“Never let your knees travel over your toes.” This axiom gets repeated during squats, lunges, or any other movement that requires knee flexion. Many of us have been told it’s unhealthy for the knee joint and can cause injury. We’ve all felt that immense stretch in the knee, quadriceps, and even the lower leg or ankle that’s caused when we bend our knee into excess knee flexion. While the logic here is in trying to prevent injury, the question remains, “Why would humans want to limit the natural mechanisms of the body, specifically end-range knee flexion?”
If you’ve ever walked up or down a flight of stairs, you will notice that your knee is required to travel past the toes in order to accomplish this task. So why is it that coaches don’t want their clients’ knees doing so during exercise? If the task causes pain or feedback, there is definitely room for discussion, as well as room for improvement in the client’s mobility and strength.
Similar logic is also found in the spine. Coaches require clients’ spines to brace into a stable, neutral or slightly extended position under load. This does keep the client safe from injury due to inadequate stabilization of the spine by the use of the trunk muscles. Following the same logic as the knee joint, a healthy, mobile spine shouldn’t just be straight and rigid even while it’s not under load. A healthy spine should flex, bend, and twist through varying degrees of range of motion.
When assessing feedback or pain in the knee joint, often there is an issue somewhere else along the chain, i.e., at the hip or ankle joint. A lack of adequate dorsiflexion in the ankle can actually prevent the knee from traveling forward over the toes, causing the ankle to compensate and collapse; this puts the knee and the entire leg in a disadvantageous position. The same goes for the hip joint. Lack of range in the hip joint can cause compensatory patterns down the stream of the entire leg.
While the issue is likely due to the lack of mobility somewhere else along the kinetic chain, there are still specific limitations that the knee joint presents. Whether in sports, training, or just daily life, how often is the knee actually fully flexed? The answer is rarely, if ever. And how often is the knee fully flexed under load? The truth is, likely even less. So it’s no wonder that when a client jumps into walking lunges, they receive feedback in the very bottom of the eccentric load, and/or the first few inches of the concentric action. This is not because they have “knee issues”; they likely have never accessed this range of motion before. And if the range is never accessed outside of training, trying to access it during training, under load, is often a recipe for pain and frustration. Charles Poliquin has a famous quote: “Strength is only gained in the range it is trained.” If a specific joint is not exposed to new and deep ranges of motion, a human cannot adequately or optimally train that joint to its fullest potential.
Since the common limitations are known (lack of ankle and hip mobility), and the desired outcome is more knee flexion, optimal training requires all of these aspects to be accessed and trained under load. When looking at the ankle joint, a larger degree of dorsiflexion is required to allow the knee to flex forward. While stretches and distractions (the use of resistance to create a “wedge” to separate the joint surfaces from each other) work great for mobilizing the joint, load can still be added here with tibialis raises.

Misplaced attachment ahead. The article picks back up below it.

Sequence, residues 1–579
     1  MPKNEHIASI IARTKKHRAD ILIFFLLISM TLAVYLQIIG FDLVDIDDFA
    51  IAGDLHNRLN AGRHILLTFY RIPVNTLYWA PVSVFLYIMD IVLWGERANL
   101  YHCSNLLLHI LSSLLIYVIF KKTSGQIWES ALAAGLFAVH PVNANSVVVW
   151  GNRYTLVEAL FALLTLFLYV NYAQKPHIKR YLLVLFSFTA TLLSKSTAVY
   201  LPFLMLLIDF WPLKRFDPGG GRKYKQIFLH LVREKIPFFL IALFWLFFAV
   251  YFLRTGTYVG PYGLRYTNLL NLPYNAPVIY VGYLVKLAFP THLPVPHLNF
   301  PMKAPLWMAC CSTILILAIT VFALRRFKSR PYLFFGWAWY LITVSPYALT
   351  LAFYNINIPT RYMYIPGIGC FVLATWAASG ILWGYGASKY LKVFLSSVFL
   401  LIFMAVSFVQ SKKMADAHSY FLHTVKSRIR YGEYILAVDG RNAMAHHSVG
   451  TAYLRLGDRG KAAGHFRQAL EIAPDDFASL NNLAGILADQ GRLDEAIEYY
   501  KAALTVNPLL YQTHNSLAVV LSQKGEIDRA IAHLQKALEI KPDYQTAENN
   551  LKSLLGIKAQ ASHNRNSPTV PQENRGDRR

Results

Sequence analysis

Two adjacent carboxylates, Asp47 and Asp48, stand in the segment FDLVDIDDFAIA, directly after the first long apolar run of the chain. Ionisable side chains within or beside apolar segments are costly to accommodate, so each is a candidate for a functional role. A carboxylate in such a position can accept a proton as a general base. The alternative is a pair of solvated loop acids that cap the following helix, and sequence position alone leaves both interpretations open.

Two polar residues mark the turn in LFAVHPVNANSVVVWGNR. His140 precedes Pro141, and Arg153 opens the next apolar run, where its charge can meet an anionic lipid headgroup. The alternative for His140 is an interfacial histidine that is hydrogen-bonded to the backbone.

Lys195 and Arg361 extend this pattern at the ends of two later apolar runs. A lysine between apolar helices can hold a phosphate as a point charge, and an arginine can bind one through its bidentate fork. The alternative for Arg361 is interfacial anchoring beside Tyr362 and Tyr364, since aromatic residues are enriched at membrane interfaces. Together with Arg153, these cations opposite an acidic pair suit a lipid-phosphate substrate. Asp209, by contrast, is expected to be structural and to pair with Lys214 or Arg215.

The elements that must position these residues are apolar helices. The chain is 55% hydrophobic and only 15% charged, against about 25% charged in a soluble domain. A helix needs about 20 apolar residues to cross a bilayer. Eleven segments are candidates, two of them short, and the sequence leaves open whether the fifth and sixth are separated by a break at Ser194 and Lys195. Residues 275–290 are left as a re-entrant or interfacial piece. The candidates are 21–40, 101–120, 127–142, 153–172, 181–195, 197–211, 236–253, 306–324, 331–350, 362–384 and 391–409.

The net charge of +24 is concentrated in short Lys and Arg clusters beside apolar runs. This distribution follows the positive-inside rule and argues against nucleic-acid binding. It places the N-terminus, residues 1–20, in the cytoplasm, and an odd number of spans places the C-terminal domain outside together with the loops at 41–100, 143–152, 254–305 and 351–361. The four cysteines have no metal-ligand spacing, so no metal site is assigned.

The anterior tibialis is the main muscle that performs the action of ankle dorsiflexion. The tibialis raise allows the client to add load to this muscle and perform eccentric and concentric contractions to further increase the resistance in these deep, new ranges of motion. This exercise can be scaled and performed as bodyweight against a wall, into bodyweight standing on the edge of a box, into loading with a dumbbell or using an actual tibialis raise bar for maximum resistance.
When looking at global access to all of these desired ranges of motion, an exercise that works very well is the ATG split squat. The ATG split squat is a variation of the traditional split squat, but has the client emphasize driving the knee forward over the toe into extreme knee flexion. This exercise is great because it allows the client to access ankle dorsiflexion, knee flexion, and recruitment of the anterior tibialis. It also loads the hip flexors during the eccentric portion, giving the structure more length. This exercise can be scaled and progressed from the use of assistance to aid in this loading/unloading pattern from bodyweight, to holding dumbbells, to finally adding a barbell to either the back or front rack position for maximum resistance.
When dealing with pain or feedback, it is often caused by a lack of mobility in specific or multiple joints. When attempting to move past pain, avoiding it only feeds the issue, because it keeps us out of that range (and pain), but that doesn’t do anything to solve the problem. The solution is finding a safe way to access the ranges that are limited. Once the ranges are accessed, trained, and strengthened, the presence of pain and feedback will largely decrease. One very easy way to get started is to simply walk backward. Walking backward encourages your knees to travel past your toes while keeping all loading forces off of the joint. This can then be progressed to add load via the backward sled drag. As with any exercise prescription, a thorough assessment must be performed to fully understand the extent of any joint limitation.
If you have ever experienced pain while training, or just in daily life, take proactive steps to move past those limitations by scheduling a FREE strategy session with one of our professional coaches and see how we can help put you back on the path of healthy, free movement.